|View from the cemetery|
On September 27th, 1862, a small but vicious fight occurred in Augusta, Kentucky, as a portion of the Second Kentucky Cavalry, under Basil W. Duke, attacked the Bracken County Home Guards, some of whom had served at Cynthiana two months prior. Duke was planning on crossing the Ohio River and raiding towards Cincinnati. The home guards were successful in keeping the Confederates from crossing, but the town suffered the same fate as Cynthiana in 1864 as twenty buildings were burned by Duke's command, resulting in the loss of $100,000 of property value ($2.4M in today's currency).
I was working on a tour of Augusta, Kentucky for the Cincinnati Civil War Round Table, but as I have moved on from that organization (something about progressing forward vs. living in the past) I have decided to contact
some folks in Augusta and see about developing a Civil War organization there, one that would encompass the elements of a round table, preservation group, and events (tours), all rolled into one. Believe it or not, there is a decent bit of Civil War history in town, and some connections to other interesting periods in American history as well.* There could be a quarterly speaker program (besides the several Civil War folks I know who would do talks, the Kentucky Humanities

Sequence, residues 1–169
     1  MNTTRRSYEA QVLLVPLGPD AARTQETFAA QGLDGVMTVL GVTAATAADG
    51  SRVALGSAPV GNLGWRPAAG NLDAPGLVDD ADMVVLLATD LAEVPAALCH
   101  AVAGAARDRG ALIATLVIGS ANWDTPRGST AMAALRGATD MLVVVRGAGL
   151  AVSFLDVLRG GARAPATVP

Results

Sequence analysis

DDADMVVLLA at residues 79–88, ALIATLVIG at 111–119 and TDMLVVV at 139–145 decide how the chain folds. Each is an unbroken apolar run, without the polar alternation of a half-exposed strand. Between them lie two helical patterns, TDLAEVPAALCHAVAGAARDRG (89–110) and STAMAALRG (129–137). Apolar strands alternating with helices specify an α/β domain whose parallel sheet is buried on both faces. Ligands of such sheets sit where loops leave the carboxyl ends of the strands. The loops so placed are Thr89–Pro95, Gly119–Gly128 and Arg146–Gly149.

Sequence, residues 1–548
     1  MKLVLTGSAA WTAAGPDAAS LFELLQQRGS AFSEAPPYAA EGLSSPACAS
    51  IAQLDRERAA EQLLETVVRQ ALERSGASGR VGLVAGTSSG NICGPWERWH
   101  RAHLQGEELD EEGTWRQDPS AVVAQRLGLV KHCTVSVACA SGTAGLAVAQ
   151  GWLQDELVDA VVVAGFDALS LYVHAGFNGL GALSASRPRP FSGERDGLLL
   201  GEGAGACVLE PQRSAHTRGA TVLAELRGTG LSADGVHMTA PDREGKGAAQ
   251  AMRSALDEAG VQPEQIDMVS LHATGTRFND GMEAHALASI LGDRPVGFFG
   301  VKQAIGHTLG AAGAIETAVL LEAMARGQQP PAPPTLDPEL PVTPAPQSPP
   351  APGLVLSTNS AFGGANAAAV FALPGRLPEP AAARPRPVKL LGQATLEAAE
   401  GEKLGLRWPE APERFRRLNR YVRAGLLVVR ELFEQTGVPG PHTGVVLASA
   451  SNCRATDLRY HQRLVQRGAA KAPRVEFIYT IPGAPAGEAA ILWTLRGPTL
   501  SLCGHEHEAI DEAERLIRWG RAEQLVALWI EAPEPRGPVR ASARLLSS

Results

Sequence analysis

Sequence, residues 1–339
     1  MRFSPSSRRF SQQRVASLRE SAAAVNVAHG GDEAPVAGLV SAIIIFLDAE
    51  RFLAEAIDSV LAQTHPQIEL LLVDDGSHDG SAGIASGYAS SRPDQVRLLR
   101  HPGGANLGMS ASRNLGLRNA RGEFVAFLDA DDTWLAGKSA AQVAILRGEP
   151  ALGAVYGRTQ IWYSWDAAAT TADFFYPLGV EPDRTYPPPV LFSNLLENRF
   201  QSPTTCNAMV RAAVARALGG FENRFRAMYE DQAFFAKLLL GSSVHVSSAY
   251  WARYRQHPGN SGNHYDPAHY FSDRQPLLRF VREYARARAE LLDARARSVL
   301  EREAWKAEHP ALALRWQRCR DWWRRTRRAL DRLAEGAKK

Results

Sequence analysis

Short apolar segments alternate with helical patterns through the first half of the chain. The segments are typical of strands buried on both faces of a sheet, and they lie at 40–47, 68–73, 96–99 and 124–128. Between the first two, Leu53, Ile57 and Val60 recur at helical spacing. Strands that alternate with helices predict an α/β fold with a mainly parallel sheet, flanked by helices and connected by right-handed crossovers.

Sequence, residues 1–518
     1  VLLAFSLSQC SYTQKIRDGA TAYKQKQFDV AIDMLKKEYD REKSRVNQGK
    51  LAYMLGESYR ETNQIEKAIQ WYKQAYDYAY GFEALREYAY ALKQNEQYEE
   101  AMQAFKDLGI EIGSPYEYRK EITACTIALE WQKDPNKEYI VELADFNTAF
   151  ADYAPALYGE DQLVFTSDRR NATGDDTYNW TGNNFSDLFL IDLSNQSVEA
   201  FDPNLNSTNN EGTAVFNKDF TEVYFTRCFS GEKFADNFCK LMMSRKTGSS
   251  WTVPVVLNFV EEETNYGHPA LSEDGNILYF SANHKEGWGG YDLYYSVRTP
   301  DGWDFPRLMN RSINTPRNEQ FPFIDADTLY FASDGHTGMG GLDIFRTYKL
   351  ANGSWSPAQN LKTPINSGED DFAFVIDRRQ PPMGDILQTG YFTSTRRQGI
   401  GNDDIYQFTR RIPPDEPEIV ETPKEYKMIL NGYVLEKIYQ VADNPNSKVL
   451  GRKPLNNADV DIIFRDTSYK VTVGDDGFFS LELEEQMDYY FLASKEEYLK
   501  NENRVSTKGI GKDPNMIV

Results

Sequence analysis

organization also has several speakers that cover Civil War topics. Augusta has a community center that looks to be suitable for these types of events, and could also be a place to hold organizational meetings. There is already a small walking tour in place, which could be enhanced/expanded by adding more details and human interest stories, and adding a couple of stops that would cover the initial Confederate artillery position on the heights above town, the Confederate monument, and the Baker-Bird Winery as a place of refuge for some of the town's citizens. Augusta also offers a couple of lodging options, as well as some tasty restaurants in the heart of town. Alas, no brewery, but if I ever win the lottery....
|Typical tour stop sign|
|Confederate monument in the Payne Cemetery along KY 8|
The Official Records has three reports, two that cover the fighting at Augusta, one the covers the action at Brooksville the next day, and two pieces of correspondence, that vaguely refer to Augusta. Not much to go on there, but Duke himself devotes several pages in his history of Morgan's Cavalry, and there are some other available snippets that include some of the details of the fighting and human interest pieces. Might be enough to put together a small booklet/tour guide.
*For example, Alexander W. Doniphan, who fought in the Mormon and Mexican-American Wars, leading expeditions against the Navajo and Mexicans in the latter conflict. Doniphan graduated from Augusta College in 1824.